Betting on breastfeeding from the office between the WHO proposals
The breastmilk It is the first food that every child receives and the benefits that they provide are many. Therefore, it is not surprising that breastfeeding the smallest is an activity recommended by specialists in pediatrics. In fact, from entities such as the World Health Organization, WHO, it is advisable to bet on this practice from the moments after childbirth.
This is stated in its decalogue for a lactation successful A series of advice from the WHO so that this first feeding in babies can be carried out effectively in the smallest. For this, nothing better than to start betting on it from the first hours of life of the child.
Decalogue for breastfeeding
Through this decalogue, the WHO aims to advise parents and medical professionals on how to get bet on a successful breastfeeding process:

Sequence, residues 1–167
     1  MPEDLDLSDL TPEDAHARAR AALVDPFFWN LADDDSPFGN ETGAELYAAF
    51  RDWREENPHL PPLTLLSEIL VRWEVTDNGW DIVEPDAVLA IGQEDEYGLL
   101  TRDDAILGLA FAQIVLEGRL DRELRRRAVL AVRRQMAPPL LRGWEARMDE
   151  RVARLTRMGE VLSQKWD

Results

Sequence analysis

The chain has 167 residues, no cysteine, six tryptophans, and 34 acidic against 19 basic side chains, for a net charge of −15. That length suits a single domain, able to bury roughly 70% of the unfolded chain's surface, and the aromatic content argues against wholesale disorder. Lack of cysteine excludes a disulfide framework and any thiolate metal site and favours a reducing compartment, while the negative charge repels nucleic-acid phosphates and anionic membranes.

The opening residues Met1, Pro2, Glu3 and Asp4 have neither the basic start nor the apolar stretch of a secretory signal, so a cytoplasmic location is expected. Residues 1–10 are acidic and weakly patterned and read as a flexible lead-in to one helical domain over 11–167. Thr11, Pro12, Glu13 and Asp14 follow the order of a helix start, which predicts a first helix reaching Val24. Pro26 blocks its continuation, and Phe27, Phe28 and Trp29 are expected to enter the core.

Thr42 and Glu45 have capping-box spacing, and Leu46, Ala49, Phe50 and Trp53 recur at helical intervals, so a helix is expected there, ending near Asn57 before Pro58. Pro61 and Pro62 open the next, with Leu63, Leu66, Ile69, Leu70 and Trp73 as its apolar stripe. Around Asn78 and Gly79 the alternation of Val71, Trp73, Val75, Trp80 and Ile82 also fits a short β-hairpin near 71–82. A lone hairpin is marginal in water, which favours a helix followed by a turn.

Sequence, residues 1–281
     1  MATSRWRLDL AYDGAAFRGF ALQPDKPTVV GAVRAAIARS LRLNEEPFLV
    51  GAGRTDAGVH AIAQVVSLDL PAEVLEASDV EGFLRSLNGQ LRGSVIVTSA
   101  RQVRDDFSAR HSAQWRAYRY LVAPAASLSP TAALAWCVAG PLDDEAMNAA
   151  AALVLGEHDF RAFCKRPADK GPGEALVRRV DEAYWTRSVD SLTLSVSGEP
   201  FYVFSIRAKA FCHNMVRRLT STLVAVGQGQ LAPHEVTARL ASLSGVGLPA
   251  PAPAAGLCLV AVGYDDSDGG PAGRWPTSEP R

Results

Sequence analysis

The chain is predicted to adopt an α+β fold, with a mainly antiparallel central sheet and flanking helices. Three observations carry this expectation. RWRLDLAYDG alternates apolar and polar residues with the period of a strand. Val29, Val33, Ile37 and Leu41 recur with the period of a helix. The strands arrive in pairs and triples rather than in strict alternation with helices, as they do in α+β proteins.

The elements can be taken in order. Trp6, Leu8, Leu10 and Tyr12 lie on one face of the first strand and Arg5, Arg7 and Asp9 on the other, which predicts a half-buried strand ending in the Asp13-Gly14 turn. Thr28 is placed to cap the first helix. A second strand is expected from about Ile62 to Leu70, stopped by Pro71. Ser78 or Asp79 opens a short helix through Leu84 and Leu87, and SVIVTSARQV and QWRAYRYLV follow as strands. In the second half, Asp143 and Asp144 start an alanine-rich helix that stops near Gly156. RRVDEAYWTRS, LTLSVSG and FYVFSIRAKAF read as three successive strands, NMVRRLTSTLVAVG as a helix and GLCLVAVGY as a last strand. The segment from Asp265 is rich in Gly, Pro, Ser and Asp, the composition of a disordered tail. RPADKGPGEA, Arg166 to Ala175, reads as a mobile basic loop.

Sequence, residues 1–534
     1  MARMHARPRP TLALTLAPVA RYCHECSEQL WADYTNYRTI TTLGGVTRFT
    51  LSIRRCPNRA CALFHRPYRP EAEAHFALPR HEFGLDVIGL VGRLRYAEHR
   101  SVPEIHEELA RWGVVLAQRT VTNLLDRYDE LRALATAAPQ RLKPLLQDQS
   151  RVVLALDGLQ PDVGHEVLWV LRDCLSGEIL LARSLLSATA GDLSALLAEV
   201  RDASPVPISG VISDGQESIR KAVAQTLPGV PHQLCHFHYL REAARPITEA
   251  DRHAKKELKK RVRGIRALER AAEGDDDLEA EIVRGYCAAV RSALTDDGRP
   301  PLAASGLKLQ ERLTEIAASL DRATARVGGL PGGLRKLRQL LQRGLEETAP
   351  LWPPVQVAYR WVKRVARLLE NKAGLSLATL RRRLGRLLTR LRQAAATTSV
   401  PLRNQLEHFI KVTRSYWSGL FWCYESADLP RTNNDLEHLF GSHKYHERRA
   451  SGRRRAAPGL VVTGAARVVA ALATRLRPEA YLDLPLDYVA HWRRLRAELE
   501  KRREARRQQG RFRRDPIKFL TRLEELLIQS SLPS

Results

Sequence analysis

- Hospitals must comply with the guidelines of the Marketing of Breast Milk Substitutes. However, they should not promote it as food to the little ones, not even through free samples.
- Make sure that the mother can breastfeed and that there is no complication that indicates that it is better to postpone this practice in the future.
- Offer information on the importance and management of breastfeeding, including before delivery, to pregnant women and other family members.
- The hospital should facilitate direct and uninterrupted skin-to-skin contact and support mothers' decision to start breastfeeding as soon as possible after birth.
- Support mothers to maintain breastfeeding even after leaving the hospital and over time to help the baby's development.
- Do not offer newborns who are breastfeeding any food or liquid other than breastmilk, unless medically indicated.
- Allow mothers and their babies to stay together and have a joint stay 24 hours a day.
- Help mothers recognize and respond to signs of their babies' need for food.
- In those mothers who can not breastfeed their children, offer advice on formula milk, brands of bottles and teats.
- Offer advice on where to find information if you have questions about breastfeeding once you leave the hospital.